USF Research News

New research on outcomes and advances in assistive technologies

October 6, 2016

Clinical research, outcome measures, and innovative techniques and interventions in assistive technologies; USPTO commentary on The Cancer Moonshot; and NAI Fellow Profile on MIT’s Robert S. Langer

TAMPA, Fla. – The current special topic issue of Technology and Innovation, Journal of the National Academy of Inventors (18:2-3) (available online here), titled “Outcomes and Advances in Assistive Technologies for Rehabilitation,” contains peer-reviewed articles covering a broad range of research related to assistive technologies, including systematic reviews, clinical research, outcome measures, and innovative techniques and interventions. In addition, this issue features a USPTO commentary on the Cancer Moonshot and the NAI Fellow Profile featuring Dr. Robert S. Langer.

“This edition [of T&I] is timely in the wake of recent significant challenges with health care reimbursement,” said special issue editor and contributing author Dr. M. Jason Highsmith of the School of Physical Therapy & Rehabilitation Sciences at the University of South Florida and the Extremity Trauma & Amputation Center of Excellence at the Departments of Veterans Affairs and Defense. “Specifically, third-party payors of healthcare services, citing limited quality and quantity of evidence regarding interventions provided by rehabilitation clinicians who care for patients with limb loss who use prostheses, have attempted to restructure reimbursement practices and policies.”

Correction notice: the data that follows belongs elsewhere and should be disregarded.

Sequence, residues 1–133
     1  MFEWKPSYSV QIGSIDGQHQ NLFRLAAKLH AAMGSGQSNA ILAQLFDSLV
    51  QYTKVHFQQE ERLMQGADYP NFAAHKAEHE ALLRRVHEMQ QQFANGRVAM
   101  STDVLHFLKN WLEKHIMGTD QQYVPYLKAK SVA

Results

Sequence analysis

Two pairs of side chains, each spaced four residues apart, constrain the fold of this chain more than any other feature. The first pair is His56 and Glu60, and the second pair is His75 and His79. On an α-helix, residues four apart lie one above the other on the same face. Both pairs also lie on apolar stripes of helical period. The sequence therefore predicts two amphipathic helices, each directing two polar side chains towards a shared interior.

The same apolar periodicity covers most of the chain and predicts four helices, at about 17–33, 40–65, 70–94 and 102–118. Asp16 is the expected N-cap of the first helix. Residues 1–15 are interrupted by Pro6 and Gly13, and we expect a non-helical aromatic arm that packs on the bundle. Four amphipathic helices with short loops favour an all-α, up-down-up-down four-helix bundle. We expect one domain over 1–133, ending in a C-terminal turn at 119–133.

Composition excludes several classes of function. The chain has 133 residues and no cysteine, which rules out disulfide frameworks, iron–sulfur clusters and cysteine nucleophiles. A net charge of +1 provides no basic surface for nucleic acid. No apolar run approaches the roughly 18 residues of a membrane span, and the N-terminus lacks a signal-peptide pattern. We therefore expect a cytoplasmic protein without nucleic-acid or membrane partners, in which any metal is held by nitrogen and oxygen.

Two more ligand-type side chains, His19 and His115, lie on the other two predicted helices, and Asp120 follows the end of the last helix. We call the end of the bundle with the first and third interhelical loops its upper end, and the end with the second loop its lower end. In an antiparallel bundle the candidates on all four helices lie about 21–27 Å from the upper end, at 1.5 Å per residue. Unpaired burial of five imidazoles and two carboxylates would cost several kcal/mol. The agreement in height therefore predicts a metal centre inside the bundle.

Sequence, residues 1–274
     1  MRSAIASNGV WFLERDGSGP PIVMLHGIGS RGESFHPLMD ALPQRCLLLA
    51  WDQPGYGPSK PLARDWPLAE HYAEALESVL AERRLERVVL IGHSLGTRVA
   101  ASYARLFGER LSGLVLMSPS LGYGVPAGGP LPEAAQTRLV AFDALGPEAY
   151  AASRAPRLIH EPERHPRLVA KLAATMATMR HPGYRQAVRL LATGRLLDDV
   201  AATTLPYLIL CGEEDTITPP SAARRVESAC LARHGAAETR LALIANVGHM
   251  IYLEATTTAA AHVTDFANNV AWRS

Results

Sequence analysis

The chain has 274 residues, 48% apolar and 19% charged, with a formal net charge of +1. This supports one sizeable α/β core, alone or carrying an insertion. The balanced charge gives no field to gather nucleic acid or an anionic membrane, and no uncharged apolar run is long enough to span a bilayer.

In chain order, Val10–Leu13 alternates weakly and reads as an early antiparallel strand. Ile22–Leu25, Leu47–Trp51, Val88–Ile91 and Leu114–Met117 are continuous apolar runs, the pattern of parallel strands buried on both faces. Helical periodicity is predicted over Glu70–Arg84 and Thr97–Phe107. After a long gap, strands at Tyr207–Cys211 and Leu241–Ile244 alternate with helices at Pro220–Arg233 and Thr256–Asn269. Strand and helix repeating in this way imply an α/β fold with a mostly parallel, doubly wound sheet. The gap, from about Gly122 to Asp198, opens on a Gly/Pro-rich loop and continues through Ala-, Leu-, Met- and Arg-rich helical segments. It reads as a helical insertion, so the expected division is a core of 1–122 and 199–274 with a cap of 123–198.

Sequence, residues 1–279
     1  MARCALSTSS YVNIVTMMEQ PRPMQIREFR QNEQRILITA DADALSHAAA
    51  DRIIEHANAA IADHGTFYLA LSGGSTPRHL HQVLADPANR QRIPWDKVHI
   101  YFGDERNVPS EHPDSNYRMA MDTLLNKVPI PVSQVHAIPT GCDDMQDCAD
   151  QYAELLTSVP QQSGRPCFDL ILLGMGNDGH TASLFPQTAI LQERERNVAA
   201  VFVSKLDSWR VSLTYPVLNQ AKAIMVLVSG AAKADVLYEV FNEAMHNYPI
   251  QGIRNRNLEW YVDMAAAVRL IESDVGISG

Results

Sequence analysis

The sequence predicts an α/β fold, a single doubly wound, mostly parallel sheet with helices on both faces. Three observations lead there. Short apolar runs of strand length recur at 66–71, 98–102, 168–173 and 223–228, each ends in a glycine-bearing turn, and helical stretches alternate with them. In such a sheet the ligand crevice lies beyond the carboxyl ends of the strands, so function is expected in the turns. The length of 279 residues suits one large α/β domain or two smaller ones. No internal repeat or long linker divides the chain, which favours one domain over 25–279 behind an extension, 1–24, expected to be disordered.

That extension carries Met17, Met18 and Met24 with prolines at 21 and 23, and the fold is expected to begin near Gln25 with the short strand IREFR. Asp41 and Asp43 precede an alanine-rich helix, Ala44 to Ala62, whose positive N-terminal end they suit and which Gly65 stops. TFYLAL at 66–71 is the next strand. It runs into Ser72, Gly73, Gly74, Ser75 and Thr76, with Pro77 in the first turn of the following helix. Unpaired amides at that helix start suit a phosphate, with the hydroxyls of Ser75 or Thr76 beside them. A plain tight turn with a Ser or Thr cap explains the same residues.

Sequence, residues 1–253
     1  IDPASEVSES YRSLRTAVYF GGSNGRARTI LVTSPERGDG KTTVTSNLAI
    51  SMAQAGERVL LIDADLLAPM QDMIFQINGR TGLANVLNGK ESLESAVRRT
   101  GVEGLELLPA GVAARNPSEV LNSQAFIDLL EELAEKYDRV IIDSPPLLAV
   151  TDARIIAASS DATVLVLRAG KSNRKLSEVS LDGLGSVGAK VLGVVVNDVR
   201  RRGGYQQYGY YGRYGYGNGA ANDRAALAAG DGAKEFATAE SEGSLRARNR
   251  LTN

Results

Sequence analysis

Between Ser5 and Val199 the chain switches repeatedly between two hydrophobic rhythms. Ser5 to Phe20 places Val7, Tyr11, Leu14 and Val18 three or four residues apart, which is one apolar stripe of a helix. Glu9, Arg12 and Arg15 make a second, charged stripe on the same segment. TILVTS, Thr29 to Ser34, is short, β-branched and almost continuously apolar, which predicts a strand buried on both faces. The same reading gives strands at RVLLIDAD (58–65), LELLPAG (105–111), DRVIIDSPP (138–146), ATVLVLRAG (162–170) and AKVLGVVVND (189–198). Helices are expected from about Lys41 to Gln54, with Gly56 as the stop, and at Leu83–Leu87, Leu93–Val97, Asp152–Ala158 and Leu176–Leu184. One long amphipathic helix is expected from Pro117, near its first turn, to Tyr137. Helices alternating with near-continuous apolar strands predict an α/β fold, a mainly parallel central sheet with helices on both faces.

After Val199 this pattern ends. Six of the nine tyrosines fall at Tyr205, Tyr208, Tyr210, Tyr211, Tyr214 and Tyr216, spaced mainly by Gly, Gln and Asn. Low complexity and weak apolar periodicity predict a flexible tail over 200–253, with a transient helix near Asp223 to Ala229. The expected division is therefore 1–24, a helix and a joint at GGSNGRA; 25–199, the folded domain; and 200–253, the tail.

“It is hoped that this science will assist in the reimbursement arena with clinical decision making and that others will build on and expand on these findings to continue to push the boundaries of what can be achieved for those who use assistive technologies,” added Highsmith.

Regular Features

In “Taking Aim at Cancer,” authors James Higgins and Alex Camarota of the Office of Innovation Development, United States Patent and Trademark Office, discuss the federal effort to greatly accelerate the rate of progress in cancer treatment development over the next five years and ways to support this effort. They explain how the USPTO is launching several initiatives that leverage the role patents play in catalyzing life-saving medical treatments.

In the NAI Fellow Profile, Dr. Robert S. Langer, David H. Koch Institute Professor, Massachusetts Institute of Technology, discusses his most recent work and weighs in on the symbiotic relationship between universities and companies in the tech transfer arena, the importance of teaching students to ask good questions as well as to give good answers, and the ongoing motivation that impels him to excellence. “It is an honor to have academic inventors like Bob Langer as Fellows of the National Academy of Inventors (NAI). He represents the very spirit of innovation,” said Paul R. Sanberg, president of the NAI and co-editor-in-chief of T&I.


The National Academy of Inventors is a 501(c)(3) non-profit member organization comprising U.S. and international universities, and governmental and non-profit research institutes, with over 3,000 individual inventor members and Fellows spanning more than 200 institutions, and growing rapidly. It was founded in 2010 to recognize and encourage inventors with patents issued from the U.S. Patent and Trademark Office, enhance the visibility of academic technology and innovation, encourage the disclosure of intellectual property, educate and mentor innovative students, and translate the inventions of its members to benefit society. The NAI offices are located in the USF Research Park in Tampa. The NAI publishes the multidisciplinary journal, Technology and Innovation.


Media Contact: Kimberly Macuare,, 813-974-1347